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Delegates

Runner methods on Steam Queries expect delegates (Actions) to call. The delegate signatures mirror the count and order of the Query's Stream Types.

ComponentAction<> and UniformComponentAction<>

These are invoked by Stream<>.For and Stream<>.Job. The Uniforms are contravariant, which helps with code reuse when you refactor your anonymous, named, or static method signatures to take broader data types.

cs
delegate void ComponentAction<C0>(ref C0 comp0);
delegate void ComponentAction<C0, C1>(ref C0 comp0, ref C1 comp1);
delegate void ComponentAction<C0, C1, C2>(ref C0 comp0, ref C1 comp1, ref C2 comp2);
delegate void ComponentAction<C0, C1, C2, C3>(ref C0 comp0, ref C1 comp1, ref C2 comp2, ref C3 comp3);
delegate void ComponentAction<C0, C1, C2, C3, C4>(ref C0 comp0, ref C1 comp1, ref C2 comp2, ref C3 comp3, ref C4 comp4);
cs
delegate void UniformComponentAction<in U, C0>(U uniform, ref C0 comp0);
delegate void UniformComponentAction<in U, C0, C1>(U uniform, ref C0 comp0, ref C1 comp1);  
delegate void UniformComponentAction<in U, C0, C1, C2>(U uniform, ref C0 comp0, ref C1 comp1, ref C2 comp2);
delegate void UniformComponentAction<in U, C0, C1, C2, C3>(U uniform, ref C0 comp0, ref C1 comp1, ref C2 comp2, ref C3 comp3);
delegate void UniformComponentAction<in U, C0, C1, C2, C3, C4>(U uniform, ref C0 comp0, ref C1 comp1, ref C2 comp2, ref C3 comp3, ref C4 comp4);

EntityComponentAction<> and EntityUniformComponentAction<>

These are invokable through Stream<>.For. In addition to the Components and optional Uniform, they also receive the Entity that can be used to interact structurally with an Entity right then and there.

cs
delegate void EntityComponentAction<C0>(Entity entity, ref C0 comp0);
delegate void EntityComponentAction<C0, C1>(Entity entity, ref C0 comp0, ref C1 comp1);
delegate void EntityComponentAction<C0, C1, C2>(Entity entity, ref C0 comp0, ref C1 comp1, ref C2 comp2);
delegate void EntityComponentAction<C0, C1, C2, C3>(Entity entity, ref C0 comp0, ref C1 comp1, ref C2 comp2, ref C3 comp3); 
delegate void EntityComponentAction<C0, C1, C2, C3, C4>(Entity entity, ref C0 comp0, ref C1 comp1, ref C2 comp2, ref C3 comp3, ref C4 comp4);
cs
delegate void UniformEntityComponentAction<in U, C0>(U uniform, Entity entity, ref C0 comp0);
delegate void UniformEntityComponentAction<in U, C0, C1>(U uniform, Entity entity, ref C0 comp0, ref C1 comp1);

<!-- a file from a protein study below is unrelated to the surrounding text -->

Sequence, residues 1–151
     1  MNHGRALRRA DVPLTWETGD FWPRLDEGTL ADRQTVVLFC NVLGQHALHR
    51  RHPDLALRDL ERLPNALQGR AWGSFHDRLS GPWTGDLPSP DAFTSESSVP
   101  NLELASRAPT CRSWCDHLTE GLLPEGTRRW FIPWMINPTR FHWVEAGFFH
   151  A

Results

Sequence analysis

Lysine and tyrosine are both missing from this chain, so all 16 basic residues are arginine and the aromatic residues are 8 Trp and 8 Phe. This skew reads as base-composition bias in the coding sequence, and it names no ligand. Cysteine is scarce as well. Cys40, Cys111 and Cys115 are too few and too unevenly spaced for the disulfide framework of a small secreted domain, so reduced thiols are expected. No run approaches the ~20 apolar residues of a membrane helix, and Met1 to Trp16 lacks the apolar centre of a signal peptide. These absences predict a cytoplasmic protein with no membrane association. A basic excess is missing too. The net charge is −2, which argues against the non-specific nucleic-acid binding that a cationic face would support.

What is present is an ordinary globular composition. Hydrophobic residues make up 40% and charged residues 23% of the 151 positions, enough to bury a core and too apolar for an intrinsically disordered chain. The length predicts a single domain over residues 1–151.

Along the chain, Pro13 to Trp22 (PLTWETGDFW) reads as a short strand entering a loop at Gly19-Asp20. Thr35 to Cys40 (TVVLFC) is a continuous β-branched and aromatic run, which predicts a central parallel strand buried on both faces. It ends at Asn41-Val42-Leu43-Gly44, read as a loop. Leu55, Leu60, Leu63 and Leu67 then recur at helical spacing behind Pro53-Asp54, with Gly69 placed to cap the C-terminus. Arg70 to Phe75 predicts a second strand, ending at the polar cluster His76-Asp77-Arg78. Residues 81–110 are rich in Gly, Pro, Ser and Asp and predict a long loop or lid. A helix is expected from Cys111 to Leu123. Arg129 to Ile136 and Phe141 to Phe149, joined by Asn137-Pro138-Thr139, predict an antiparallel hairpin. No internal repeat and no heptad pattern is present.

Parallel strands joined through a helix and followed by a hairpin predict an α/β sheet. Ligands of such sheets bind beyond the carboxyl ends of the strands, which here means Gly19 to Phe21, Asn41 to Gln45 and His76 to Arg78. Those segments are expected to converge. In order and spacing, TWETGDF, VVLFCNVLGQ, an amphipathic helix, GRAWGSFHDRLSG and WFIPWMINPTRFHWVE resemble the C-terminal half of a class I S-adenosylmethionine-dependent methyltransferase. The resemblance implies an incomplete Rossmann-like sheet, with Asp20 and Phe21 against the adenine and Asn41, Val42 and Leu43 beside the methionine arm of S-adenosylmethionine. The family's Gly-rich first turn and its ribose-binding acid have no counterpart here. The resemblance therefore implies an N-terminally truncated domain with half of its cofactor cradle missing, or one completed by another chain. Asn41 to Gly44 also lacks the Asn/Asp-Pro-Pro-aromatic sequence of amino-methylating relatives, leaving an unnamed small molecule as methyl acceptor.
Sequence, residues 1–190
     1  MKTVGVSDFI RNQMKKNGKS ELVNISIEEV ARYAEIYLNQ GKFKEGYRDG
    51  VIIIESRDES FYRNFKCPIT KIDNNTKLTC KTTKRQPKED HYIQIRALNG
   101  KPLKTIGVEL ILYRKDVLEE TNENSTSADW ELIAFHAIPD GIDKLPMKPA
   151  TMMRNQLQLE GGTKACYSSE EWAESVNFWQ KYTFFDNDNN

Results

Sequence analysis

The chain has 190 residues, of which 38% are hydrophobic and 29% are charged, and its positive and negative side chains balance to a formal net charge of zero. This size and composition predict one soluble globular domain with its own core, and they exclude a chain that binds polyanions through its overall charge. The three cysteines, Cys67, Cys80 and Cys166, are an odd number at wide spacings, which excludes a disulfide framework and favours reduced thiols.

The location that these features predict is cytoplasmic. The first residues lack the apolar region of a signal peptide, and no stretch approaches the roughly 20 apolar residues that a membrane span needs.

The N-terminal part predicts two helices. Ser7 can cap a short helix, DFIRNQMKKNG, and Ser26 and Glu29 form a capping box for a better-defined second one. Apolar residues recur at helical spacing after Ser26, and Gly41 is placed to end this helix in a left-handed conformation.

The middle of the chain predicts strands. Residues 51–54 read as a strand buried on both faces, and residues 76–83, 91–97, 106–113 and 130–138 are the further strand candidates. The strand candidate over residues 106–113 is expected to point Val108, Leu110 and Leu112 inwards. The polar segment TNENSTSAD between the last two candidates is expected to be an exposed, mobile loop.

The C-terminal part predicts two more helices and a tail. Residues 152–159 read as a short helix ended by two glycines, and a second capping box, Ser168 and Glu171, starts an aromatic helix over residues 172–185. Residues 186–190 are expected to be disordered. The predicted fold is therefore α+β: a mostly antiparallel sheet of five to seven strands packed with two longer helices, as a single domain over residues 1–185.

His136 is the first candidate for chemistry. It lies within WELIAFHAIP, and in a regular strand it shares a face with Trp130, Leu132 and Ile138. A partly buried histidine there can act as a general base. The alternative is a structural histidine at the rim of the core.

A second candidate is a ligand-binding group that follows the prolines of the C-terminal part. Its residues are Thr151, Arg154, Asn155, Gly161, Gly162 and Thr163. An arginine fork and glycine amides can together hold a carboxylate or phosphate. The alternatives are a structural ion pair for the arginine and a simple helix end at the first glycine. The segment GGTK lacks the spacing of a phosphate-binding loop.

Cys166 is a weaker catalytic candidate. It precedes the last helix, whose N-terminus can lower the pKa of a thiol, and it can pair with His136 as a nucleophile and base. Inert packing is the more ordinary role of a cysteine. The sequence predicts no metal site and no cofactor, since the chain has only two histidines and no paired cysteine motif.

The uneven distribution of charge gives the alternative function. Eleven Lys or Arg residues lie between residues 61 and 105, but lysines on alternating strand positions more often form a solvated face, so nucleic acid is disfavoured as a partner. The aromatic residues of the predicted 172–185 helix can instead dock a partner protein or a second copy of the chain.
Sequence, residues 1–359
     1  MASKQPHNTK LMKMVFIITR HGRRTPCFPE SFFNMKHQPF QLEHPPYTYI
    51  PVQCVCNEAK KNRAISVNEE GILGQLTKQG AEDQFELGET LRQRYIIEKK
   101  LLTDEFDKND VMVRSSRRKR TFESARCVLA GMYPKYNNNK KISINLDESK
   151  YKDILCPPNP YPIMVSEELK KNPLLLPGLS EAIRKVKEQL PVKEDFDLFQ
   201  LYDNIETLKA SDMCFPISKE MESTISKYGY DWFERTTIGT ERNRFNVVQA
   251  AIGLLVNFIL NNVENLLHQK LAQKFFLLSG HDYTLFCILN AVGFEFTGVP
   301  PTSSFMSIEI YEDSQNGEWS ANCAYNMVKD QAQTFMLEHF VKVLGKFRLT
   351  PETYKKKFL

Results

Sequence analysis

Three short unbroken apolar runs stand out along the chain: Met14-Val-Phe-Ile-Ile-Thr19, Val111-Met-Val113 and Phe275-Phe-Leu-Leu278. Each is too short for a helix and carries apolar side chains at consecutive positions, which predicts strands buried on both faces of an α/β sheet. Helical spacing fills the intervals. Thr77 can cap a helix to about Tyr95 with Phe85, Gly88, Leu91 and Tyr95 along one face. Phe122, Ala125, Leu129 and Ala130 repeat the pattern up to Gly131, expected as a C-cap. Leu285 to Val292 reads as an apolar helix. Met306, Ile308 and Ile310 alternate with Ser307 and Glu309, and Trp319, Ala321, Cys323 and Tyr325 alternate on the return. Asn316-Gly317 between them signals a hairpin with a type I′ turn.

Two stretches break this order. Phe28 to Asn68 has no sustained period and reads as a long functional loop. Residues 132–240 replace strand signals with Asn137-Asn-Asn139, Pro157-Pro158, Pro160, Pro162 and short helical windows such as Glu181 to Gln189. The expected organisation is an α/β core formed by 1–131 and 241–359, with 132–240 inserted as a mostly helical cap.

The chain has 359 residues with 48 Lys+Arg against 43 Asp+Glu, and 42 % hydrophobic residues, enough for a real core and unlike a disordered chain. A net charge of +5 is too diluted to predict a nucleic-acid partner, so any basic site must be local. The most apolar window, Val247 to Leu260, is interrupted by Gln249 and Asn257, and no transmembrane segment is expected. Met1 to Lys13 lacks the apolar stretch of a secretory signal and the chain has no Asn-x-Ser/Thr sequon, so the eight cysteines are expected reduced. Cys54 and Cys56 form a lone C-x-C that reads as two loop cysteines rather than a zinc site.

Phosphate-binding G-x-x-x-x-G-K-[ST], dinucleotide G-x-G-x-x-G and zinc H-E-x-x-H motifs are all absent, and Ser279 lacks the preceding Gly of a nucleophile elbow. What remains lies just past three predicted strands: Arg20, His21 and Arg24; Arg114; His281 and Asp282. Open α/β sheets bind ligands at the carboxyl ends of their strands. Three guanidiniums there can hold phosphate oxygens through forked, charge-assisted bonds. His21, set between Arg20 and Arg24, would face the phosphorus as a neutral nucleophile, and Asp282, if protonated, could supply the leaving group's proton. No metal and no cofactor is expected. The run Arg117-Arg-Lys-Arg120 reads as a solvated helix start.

delegate void UniformEntityComponentAction<in U, C0, C1, C2>(U uniform, Entity entity, ref C0 comp0, ref C1 comp1, ref C2 comp2);
delegate void UniformEntityComponentAction<in U, C0, C1, C2, C3>(U uniform, Entity entity, ref C0 comp0, ref C1 comp1, ref C2 comp2, ref C3 comp3);
delegate void UniformEntityComponentAction<in U, C0, C1, C2, C3, C4>(U uniform, Entity entity, ref C0 comp0, ref C1 comp1, ref C2 comp2, ref C3 comp3, ref C4 comp4);

MemoryAction<> and MemoryUniformAction<>

These are invoked by Stream<>.Raw.

cs
delegate void MemoryAction<C0>(Memory<C0> comp0);
delegate void MemoryAction<C0, C1>(Memory<C0> comp0, Memory<C1> comp1);  
delegate void MemoryAction<C0, C1, C2>(Memory<C0> comp0, Memory<C1> comp1, Memory<C2> comp2);
delegate void MemoryAction<C0, C1, C2, C3>(Memory<C0> comp0, Memory<C1> comp1, Memory<C2> comp2, Memory<C3> comp3);
delegate void MemoryAction<C0, C1, C2, C3, C4>(Memory<C0> comp0, Memory<C1> comp1, Memory<C2> comp2, Memory<C3> comp3, Memory<C4> comp4);
cs
delegate void MemoryUniformAction<in U, C0>(U uniform, Memory<C0> comp0);
delegate void MemoryUniformAction<in U, C0, C1>(U uniform, Memory<C0> comp0, Memory<C1> comp1);
delegate void MemoryUniformAction<in U, C0, C1, C2>(U uniform, Memory<C0> comp0, Memory<C1> comp1, Memory<C2> comp2); 
delegate void MemoryUniformAction<in U, C0, C1, C2, C3>(U uniform, Memory<C0> comp0, Memory<C1> comp1, Memory<C2> comp2, Memory<C3> comp3);
delegate void MemoryUniformAction<in U, C0, C1, C2, C3, C4>(U uniform, Memory<C0> comp0, Memory<C1> comp1, Memory<C2> comp2, Memory<C3> comp3, Memory<C4> comp4);

My name is in-igo Montoya

"You keep using that keyword. I do not think it means what you think it means."

The in keyword in the Uniform* delegates' type parmeters denotes contravariance. This simply means that the U parameter can be a broader type than the one you pass in.

It does not mean readonly or in as in C# method arguments, but uniforms are still always passed by value. If that value is a reference type, you can of course do fun stuff with it... 🦊

Components are always passed by reference because they reside in a special storage object that enables this.

Attentive readers will notice that reference type Uniforms passed to a Job should, of course, be chosen carefully to be thread safe if they are to be mutated from multiple threads. Anything in System.Collections.Concurrent is a faithful friend here.

Uniforms

Uniforms are a way to pass data to your For, Job, and even Raw delegates. They are passed by value, and can be of any type. They are neat to feed data to your delegates that is not part of the component data, but relevant to the operation you are performing.

Typical examples of uniforms are the current dt (delta time) or positions or forces, e.g. for explosions or swarming behaviour, or even a list of UI objects that were clicked.

Varyings

Later versions of fennecs may introduce the concept of "varyings". If you need this feature, please don't hesitate to reach out with some ideas and use cases!

Varyings at Home

Until then, you can use a mutable reference type object as a uniform, and pass it to your For or Job delegate. This way, you can mutate the object from the delegate, and each subsequent calls will see these changes.

Remember: Thread fast, thread hard, and thread safe!

Where many threads live, there also be dragons.

Neofox: hug_dragn_heart

fennecs is released under the MIT License. Neofox is released under the CC BY-NC-SA 4.0 License.